Report
Jan 28, 2020
Cynthia Miller for MDRC
The nation’s community colleges play a central role in producing a more educated workforce and promoting social mobility. They serve about 40 percent of all college students and, not surprisingly, they serve a disproportionate number of low-income and underrepresented students.
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Podcast
Community: Postsecondary
May 28, 2020
Community colleges graduation rates remain low. Some studies have shown that students who enroll in summer courses are more likely to stay on track and graduate, yet despite these benefits most college students do not attend during the summer. So why don’t students attend, and how can colleges encourage more of them to enroll in the summer? To answer these questions MDRC launched the Encouraging Additional Summer Enrollment — or EASE — project in partnership with the Ohio Association of Community Colleges and 10 community colleges in Ohio. MDRC designed, implemented, and tested two interventions to encourage summer enrollment, using insights from behavioral science, a study of how people make decisions. Both interventions worked to increase enrollment, and both could be operated at a relatively low cost

Authored by: Leigh Parise for MDRC
Topics: Attendance, Education, Post-secondary, School-readiness, Workforce development
Shared by Housing Is on Oct 6, 2020
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Report
Community: Postsecondary
May 28, 2020
Bridge-to-college programs aim to help people complete high school and enroll in postsecondary education. This evaluation of one such program at Northeast Wisconsin Technical College in Green Bay finds that it helped more students earn their GEDs and enroll in college courses.

Authored by: Louisa Treskon for MDRC
Topics: Education, Post-secondary, Workforce development
Shared by Housing Is on Oct 6, 2020

Building on the GED: Promising Results from a Bridge-to-College Model

Report
May 28, 2020
Louisa Treskon for MDRC
Bridge-to-college programs aim to help people complete high school and enroll in postsecondary education. This evaluation of one such program at Northeast Wisconsin Technical College in Green Bay finds that it helped more students earn their GEDs and enroll in college courses.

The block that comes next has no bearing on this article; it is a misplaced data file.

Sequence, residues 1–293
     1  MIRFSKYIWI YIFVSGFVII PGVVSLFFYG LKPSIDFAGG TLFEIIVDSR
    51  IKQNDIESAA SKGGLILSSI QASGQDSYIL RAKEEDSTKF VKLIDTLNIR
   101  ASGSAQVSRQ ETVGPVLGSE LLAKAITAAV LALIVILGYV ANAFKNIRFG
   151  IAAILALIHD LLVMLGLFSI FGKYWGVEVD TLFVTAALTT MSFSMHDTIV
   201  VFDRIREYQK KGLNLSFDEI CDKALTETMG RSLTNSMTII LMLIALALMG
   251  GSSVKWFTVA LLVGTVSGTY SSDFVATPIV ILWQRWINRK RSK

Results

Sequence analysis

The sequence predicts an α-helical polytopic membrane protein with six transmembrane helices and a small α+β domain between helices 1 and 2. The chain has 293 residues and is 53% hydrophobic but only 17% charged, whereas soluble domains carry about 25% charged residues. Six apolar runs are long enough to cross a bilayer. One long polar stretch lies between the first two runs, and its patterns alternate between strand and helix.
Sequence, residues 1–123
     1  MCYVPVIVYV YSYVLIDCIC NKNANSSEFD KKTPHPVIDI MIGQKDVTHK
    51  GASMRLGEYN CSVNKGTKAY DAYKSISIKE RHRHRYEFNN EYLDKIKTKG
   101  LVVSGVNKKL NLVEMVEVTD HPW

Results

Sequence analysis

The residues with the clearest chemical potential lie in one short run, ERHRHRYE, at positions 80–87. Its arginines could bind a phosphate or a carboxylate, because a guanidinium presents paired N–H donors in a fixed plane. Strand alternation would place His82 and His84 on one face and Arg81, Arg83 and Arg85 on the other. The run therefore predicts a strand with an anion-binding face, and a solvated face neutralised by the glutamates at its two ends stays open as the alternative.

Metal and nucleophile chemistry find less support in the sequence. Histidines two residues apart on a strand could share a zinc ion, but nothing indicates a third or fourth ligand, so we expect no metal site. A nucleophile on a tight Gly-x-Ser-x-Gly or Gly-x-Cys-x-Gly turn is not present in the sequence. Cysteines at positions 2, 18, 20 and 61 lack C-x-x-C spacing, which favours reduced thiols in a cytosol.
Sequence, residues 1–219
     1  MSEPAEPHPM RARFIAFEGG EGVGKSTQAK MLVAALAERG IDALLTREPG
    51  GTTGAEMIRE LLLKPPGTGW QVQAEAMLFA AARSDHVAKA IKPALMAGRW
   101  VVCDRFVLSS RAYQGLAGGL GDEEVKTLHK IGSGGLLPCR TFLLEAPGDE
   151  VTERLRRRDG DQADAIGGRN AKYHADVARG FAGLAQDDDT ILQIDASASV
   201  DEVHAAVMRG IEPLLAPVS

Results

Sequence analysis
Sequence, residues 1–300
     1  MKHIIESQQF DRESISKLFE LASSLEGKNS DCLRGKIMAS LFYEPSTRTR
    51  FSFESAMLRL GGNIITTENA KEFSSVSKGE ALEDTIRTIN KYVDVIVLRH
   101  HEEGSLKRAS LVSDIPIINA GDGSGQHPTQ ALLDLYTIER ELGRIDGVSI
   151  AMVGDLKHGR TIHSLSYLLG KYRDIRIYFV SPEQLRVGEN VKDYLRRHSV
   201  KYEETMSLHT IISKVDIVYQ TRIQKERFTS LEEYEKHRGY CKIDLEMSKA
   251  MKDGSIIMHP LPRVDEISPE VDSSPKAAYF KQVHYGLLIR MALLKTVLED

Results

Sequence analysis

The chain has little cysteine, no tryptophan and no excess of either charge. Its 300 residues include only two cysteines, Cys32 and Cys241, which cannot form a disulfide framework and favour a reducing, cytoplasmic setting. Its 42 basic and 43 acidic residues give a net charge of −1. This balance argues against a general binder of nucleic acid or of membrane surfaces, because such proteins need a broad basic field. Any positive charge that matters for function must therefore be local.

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Report
Community: Postsecondary
May 2, 2019
Innovative public housing authorities (PHAs) are collaborating with college access partners and community colleges to increase postsecondary educational achievement for low-income residents and college students experiencing homelessness. This report elevates 11 shared learnings from a recent convening of these five pioneering PHAs and their postsecondary collaborators, and offers a series of recommendations to policy makers, PHAs, and philanthropic organizations seeking to develop emerging cross-sector collaborations between housing and education organizations. The report also includes an overview of the federal policies that support and limit postsecondary achievement for students served by PHAs, and profiles of the five partnerships: CHA and partners City Colleges of Chicago and One Million Degrees; CMHA and partner Columbus State Community College; HACLA and partner Southern California College Access Network (SoCal CAN); LMHA and partner Family Scholar House; and THA and partner Tacoma Community College.

Authored by: Abra Lyons-Warren for CLPHA
Topics: CLPHA, Education, Housing, Legislation & Policy, Low-income, Partnerships, Post-secondary, postsecondary, Stability
Shared by Abra Lyons-Warren on Oct 6, 2020

Eliminating Barriers to Postsecondary Success: Cross-Sector Collaborations to Improve Postsecondary Achievement for Students Served by Public Housing Authorities

Report
May 2, 2019
Abra Lyons-Warren for CLPHA
Innovative public housing authorities (PHAs) are collaborating with college access partners and community colleges to increase postsecondary educational achievement for low-income residents and college students experiencing homelessness.
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Video
Community:
Jun 12, 2020
Carefully planned, high quality summer programs encourage youth participation and retention, providing them with life changing experiences. This interactive workshop will introduce participants to research-based best practices in summer learning; help them explore best practices and areas of challenge within their own programs; and support them in starting to develop quality improvement goals. Participants will hear examples of summer program quality, practical ways to implement assessment measures using an interactive program planning guide and assessment tool, and how they can more strategically approach planning for quality in their summer offerings.

Authored by: CLPHA
Topics: Education, Housing, Summit 2020
Shared by Steve Lucas on Jun 12, 2020
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Video
Community:
Jun 12, 2020